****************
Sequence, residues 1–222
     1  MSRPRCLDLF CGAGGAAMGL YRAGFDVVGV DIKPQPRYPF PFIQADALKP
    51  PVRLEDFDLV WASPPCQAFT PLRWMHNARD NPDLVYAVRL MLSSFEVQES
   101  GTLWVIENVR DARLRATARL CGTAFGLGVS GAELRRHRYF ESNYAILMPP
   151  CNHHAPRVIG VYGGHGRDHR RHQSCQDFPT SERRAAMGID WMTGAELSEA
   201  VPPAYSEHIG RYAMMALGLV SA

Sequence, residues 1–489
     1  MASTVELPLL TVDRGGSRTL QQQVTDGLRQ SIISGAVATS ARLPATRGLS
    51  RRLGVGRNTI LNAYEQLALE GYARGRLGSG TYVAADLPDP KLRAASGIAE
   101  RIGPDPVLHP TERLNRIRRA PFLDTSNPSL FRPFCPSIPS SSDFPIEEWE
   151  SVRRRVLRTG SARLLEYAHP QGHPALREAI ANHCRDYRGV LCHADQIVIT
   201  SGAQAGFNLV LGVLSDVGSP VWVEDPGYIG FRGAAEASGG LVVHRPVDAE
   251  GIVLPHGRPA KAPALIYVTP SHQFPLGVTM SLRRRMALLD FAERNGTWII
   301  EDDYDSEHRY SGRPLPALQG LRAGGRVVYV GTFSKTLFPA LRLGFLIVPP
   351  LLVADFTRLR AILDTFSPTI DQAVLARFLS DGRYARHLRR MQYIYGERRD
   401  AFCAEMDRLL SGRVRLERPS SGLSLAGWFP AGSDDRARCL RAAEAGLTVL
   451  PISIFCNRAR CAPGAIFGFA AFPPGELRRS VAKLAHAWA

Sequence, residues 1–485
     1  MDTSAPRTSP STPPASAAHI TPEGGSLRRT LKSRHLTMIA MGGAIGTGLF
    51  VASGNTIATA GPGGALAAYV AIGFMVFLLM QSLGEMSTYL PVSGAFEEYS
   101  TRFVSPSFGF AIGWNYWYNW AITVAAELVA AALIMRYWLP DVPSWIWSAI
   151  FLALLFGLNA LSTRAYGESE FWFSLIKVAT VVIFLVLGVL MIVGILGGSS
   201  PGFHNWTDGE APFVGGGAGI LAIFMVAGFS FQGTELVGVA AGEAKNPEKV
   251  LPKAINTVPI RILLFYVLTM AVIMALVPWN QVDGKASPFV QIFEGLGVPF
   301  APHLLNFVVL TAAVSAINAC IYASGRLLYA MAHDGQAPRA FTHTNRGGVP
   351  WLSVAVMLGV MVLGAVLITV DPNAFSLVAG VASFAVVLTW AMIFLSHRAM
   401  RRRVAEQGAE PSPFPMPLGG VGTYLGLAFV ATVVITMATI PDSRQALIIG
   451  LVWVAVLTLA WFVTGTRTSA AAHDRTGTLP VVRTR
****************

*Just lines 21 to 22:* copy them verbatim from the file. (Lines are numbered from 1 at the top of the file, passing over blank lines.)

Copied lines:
   101  TRFVSPSFGF AIGWNYWYNW AITVAAELVA AALIMRYWLP DVPSWIWSAI
   151  FLALLFGLNA LSTRAYGESE FWFSLIKVAT VVIFLVLGVL MIVGILGGSS